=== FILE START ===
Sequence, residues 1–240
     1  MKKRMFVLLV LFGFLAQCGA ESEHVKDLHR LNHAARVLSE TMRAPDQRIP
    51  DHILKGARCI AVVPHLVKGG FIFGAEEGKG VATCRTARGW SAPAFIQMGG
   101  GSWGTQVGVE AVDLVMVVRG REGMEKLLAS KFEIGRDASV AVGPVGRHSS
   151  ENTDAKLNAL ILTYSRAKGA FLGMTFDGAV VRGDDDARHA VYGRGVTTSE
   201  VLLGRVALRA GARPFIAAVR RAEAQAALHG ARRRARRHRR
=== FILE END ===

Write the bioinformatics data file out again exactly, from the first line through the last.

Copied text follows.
Sequence, residues 1–240
     1  MKKRMFVLLV LFGFLAQCGA ESEHVKDLHR LNHAARVLSE TMRAPDQRIP
    51  DHILKGARCI AVVPHLVKGG FIFGAEEGKG VATCRTARGW SAPAFIQMGG
   101  GSWGTQVGVE AVDLVMVVRG REGMEKLLAS KFEIGRDASV AVGPVGRHSS
   151  ENTDAKLNAL ILTYSRAKGA FLGMTFDGAV VRGDDDARHA VYGRGVTTSE
   201  VLLGRVALRA GARPFIAAVR RAEAQAALHG ARRRARRHRR